[BRIEFING.COM] The stock market ended the week 0.6% below where it began. That is really the result of a dramatic one-day drop, though.
Broad market trade began the week in a relatively choppy, lackluster manner. Participants generally shrugged off news that early election polls in Greece pointed to a preference for the country's pro-austerity party. The apparent indifference came as precarious conditions in Spain took the yield on the country’s 10-year Note back above 7%.
Stocks advanced 1% on Tuesday for their strongest performance of the week as market participants prepared for announcements from the Fed scheduled for the following day. The effort gave the stock market its first finish above its 50-day moving average in more than a month.
Data featured a housing starts number for May that hit an annualized rate of 708,000, which is a little light relative to the rate of 719,000 that had been generally expected. However, the prior month figures were revised upward to reflect an annual rate of 744,000 housing starts.
Building permits climbed from the prior month's upwardly revised rate of 723,000 to 780,000 for May to best the pace of 725,000 that had been expected, on average, among economists polled by Briefing.com.
Although most of the market’s focus was on forthcoming Fed commentary, JPMorgan Chase (JPM 35.99, +0.48) CEO Jamie Dimon provided participants with some theatre by returning to Capitol Hill for a testimony to the House Financial Services Committee. Nothing was stated that deviated from comments made to the Senate Banking Committee last week. FedEx (FDX 90.54, -0.09) posted an upside earnings surprise, but issued downside guidance, while Oracle (ORCL 28.00, +0.19) had an in-line outlook on better-than-expected earnings.
On Wednesday it was all about the Fed. The latest FOMC Directive moved to extend "Operation Twist" through the end of the year in an effort to extend the average maturity of the Fed's securities holdings. Fed Chairman Bernanke stated that additional asset purchases would be considered by the Fed if necessary, but many participants had hoped for more from the Fed this time around, especially in light of the Fed’s lackluster forecast for 2012.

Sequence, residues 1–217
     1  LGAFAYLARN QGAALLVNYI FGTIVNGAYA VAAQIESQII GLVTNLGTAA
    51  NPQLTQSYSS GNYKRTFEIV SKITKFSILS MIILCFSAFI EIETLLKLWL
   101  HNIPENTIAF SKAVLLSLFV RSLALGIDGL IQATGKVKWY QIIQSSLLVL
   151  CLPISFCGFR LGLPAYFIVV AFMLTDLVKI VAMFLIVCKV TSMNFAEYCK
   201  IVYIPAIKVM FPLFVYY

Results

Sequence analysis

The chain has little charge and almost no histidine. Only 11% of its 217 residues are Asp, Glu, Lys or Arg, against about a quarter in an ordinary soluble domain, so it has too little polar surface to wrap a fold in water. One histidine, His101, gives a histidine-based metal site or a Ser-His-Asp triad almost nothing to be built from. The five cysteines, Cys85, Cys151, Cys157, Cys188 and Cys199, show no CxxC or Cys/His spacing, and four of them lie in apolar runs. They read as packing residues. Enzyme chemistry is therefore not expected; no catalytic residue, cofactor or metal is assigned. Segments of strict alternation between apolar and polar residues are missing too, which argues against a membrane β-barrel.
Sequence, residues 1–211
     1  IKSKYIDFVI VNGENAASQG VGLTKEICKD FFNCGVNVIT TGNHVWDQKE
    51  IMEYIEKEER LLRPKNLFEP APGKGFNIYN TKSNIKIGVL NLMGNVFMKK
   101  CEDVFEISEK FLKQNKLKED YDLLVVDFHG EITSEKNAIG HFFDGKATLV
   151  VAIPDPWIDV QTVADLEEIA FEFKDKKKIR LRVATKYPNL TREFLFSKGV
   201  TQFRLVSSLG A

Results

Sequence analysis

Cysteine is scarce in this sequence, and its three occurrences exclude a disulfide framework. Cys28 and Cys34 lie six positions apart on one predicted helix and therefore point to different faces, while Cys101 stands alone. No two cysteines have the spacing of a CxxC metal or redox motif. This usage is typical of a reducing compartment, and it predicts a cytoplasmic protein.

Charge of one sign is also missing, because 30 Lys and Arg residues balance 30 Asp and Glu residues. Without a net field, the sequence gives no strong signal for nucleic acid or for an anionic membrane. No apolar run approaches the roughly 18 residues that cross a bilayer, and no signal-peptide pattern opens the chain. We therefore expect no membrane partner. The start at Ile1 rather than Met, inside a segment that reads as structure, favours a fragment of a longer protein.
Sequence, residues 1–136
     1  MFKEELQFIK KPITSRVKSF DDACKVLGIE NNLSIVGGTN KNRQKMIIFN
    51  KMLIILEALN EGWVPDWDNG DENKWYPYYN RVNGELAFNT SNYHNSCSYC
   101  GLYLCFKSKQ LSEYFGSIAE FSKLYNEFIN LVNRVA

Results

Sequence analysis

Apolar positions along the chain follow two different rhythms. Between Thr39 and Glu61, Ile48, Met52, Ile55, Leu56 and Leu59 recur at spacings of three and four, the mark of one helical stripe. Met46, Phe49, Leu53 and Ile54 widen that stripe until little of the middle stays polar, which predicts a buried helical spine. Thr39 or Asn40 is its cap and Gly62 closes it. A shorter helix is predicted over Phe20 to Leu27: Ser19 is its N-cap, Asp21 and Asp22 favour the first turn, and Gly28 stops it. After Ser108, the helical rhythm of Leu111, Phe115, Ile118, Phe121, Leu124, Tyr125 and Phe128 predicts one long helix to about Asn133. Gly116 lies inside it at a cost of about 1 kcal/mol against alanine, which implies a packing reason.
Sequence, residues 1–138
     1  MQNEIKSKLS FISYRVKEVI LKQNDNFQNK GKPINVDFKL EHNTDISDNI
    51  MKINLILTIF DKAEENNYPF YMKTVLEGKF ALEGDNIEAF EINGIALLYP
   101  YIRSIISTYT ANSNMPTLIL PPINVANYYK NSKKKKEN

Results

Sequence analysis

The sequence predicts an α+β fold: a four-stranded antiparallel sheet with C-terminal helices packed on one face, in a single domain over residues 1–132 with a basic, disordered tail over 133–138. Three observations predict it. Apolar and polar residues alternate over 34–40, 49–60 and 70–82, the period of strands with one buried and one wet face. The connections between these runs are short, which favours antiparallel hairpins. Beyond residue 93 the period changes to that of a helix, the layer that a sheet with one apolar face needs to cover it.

The Fed now expects real GDP growth for 2012 to range from 1.9% to 2.4%, down from the range of 2.4% to 2.9% that was previously projected. Unemployment for 2012 is now expected to range from 8.0% to 8.2%, which is up from the previously forecasted range of 7.8% to 8.0%.
Corporate news was overshadowed, though it featured a disappointing forecast from Procter & Gamble (PG 59.83, +0.08) and word that JPMorgan Chase exited some 65-70% of its losing position. Discover Financial (DFS 33.61, +0.16) served up in-line earnings and guidance that helped earn it favorable reviews from a few analysts.
Perhaps it was a delayed response to the Fed’s Directive and forecast, or maybe it was disappointing economic data, but stocks fell more than 2% on Thursday for their worst single-session slump since December.
Prior to the open market participants learned that China’s PMI manufacturing report pointed to an eighth consecutive month of contraction. Germany, Europe’s most diverse and robust economy, also posted a disappointing number that pointed to tighter activity. Domestic data featured a Flash PMI Manufacturing of 52.9 – the worst reading in 11 months. The Philadelphia Fed Survey fell unexpectedly to -16.6 for June. It was its worst reading since August 2011.
Existing home sales set an annualized rate of 4.55 million units during May, as had been generally expected, but the pace was stronger in the prior for month when it registered a rate of 4.62 million units. Leading Indicators for May increased by 0.3%, which is better than the flat reading that had been widely forecasted to follow the 0.1% decline in the prior month.
On Friday stocks fought to recover some of their prior session losses. The effort concluded with the three major equity averages at or near session highs with varied gains. The Nasdaq outperformed its counterparts with help from some large-cap Tech players. Blue chips fared less well, hampering the Dow.
Headlines were relatively light, but news that analysts at Moody’s downgraded credit ratings several banks created some buzz. Despite the action, shares of banks and diversified financial services players attracted buyers, such that the KBW Bank Index climbed in excess of 1%.
All 10 major sectors settled in positive territory. Utilities were at the bottom end of things as market participants showed little interest for the defensive-oriented sector. It advanced just 0.1%.
Small-cap stocks scored particularly strong gains, as measured by the Russell 2000, which settled higher by about 1.4%. The annual reconstitution of the Russell Indices took place today.
Volatility cooled considerably amid the generally improved tone. In fact, the Volatility Index fell about 10% after it had spiraled higher in the prior session.
..Nasdaq 100 +1.1%.
..S&P Midcap 400 +0.6%.
..Russell 2000 +1.4%.